- Ms. Driver was born and raised in Tulsa, Oklahoma and received her bachelor's degree from the University of Tulsa. She moved to South Florida in 2001. She worked in the corporate world for several years but then went into the nonprofit arena.
- Item 22: Robin Wright; Executive Director of Weed and Seed; Board Chair, En Familia, August 2, 2010
- Ms. Wright was born in Elizabeth, New Jersey, having been raised in Atlanta, Georgia. In 1982, she visited an uncle who was stationed at a base in Homestead and has lived there ever since. Ms. Wright discusses her involvement with community organizations and the needs of the community.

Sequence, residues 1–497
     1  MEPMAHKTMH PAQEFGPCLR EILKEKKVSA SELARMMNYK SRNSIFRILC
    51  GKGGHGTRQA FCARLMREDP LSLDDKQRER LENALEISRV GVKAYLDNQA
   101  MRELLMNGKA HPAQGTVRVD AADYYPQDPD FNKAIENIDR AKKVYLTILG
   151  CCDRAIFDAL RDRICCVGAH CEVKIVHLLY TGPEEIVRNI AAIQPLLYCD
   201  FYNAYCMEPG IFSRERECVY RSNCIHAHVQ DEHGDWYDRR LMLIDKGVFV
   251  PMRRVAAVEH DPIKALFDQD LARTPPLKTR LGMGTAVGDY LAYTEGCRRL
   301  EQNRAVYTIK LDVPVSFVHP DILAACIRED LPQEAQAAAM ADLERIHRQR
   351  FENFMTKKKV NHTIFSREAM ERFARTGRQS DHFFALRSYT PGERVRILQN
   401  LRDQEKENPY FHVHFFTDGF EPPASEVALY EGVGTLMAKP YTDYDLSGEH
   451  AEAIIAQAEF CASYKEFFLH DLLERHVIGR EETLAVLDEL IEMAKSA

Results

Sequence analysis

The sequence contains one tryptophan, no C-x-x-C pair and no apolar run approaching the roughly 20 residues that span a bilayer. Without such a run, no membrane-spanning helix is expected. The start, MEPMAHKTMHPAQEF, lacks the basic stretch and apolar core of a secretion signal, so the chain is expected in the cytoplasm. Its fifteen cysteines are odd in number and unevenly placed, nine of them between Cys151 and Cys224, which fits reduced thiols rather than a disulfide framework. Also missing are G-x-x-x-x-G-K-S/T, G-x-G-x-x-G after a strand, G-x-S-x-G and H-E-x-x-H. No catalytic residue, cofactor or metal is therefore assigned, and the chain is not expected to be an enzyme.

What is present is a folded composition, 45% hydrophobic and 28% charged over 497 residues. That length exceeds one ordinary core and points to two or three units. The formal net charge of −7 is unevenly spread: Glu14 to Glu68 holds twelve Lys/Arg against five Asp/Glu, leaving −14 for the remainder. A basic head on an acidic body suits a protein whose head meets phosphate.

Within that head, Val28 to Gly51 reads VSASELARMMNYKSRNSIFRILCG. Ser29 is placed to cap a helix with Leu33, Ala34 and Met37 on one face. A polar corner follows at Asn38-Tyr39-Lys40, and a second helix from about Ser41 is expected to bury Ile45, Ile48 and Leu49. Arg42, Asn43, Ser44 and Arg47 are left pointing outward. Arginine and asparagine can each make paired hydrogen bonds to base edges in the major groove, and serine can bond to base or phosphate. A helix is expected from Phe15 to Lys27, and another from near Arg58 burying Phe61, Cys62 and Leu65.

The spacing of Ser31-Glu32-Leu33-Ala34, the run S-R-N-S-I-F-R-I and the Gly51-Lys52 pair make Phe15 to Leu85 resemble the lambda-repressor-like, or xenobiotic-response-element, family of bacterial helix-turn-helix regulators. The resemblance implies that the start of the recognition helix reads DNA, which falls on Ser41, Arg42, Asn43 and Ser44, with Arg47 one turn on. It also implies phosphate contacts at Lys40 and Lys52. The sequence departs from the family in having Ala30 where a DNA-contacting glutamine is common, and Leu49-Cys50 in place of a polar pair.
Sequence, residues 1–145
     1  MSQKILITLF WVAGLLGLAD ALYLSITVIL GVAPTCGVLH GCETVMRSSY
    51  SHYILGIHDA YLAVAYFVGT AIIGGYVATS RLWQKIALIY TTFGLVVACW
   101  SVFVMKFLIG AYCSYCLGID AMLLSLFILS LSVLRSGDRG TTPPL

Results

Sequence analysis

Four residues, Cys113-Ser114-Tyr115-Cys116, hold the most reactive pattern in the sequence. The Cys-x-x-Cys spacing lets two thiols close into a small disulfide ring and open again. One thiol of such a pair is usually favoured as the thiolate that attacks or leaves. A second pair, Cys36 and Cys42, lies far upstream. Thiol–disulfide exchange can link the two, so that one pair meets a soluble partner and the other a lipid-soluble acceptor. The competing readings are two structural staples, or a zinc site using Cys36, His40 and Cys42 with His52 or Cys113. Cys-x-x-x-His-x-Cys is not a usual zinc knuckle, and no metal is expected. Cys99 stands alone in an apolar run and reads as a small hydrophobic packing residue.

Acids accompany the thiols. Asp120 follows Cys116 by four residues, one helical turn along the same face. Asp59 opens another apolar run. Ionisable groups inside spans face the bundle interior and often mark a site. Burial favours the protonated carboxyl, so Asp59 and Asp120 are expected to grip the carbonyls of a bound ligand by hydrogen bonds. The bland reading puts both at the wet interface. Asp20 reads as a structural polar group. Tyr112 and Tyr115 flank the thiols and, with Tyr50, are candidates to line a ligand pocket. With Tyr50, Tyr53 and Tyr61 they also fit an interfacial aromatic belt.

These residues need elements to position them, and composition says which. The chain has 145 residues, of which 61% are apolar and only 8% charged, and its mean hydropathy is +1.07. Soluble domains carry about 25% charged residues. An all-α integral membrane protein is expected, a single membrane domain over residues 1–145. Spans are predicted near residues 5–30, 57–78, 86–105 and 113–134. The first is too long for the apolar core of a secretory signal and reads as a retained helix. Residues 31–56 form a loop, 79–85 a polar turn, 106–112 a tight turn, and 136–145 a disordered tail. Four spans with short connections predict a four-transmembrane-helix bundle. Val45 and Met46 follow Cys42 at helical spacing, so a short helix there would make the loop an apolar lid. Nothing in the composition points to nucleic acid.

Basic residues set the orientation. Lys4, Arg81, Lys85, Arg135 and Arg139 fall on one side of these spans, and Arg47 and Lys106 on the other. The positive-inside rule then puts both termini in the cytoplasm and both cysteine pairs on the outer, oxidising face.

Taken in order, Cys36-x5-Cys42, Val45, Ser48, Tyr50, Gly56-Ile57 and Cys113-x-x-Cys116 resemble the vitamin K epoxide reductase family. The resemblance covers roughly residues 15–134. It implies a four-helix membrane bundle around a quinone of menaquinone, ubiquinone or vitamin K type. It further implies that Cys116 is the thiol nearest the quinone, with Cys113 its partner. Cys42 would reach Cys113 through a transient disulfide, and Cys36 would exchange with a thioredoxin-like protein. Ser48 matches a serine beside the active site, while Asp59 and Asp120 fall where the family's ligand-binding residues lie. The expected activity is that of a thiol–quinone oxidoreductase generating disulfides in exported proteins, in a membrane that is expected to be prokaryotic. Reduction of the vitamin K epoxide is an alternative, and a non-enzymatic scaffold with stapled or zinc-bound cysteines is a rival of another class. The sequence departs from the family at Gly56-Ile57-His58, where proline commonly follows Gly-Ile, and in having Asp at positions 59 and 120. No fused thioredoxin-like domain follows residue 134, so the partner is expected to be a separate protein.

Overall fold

- Item 23: Steven Mainster, retired Director of Central Compeseno, August 4, 2010
- Mr. Mainster has lived in South Florida for 37 years, 35 of those years he worked as the director of Centro Campeseno. He first came to South Florida to work for another organization called "OMICA" (ORGANIZATION OF MIGRANTS IN COMMUNITY ACTION), which was a precursor of Centro Campeseno. Mr. Mainster talks about the history of the organization and what kind of programming it has been involved in.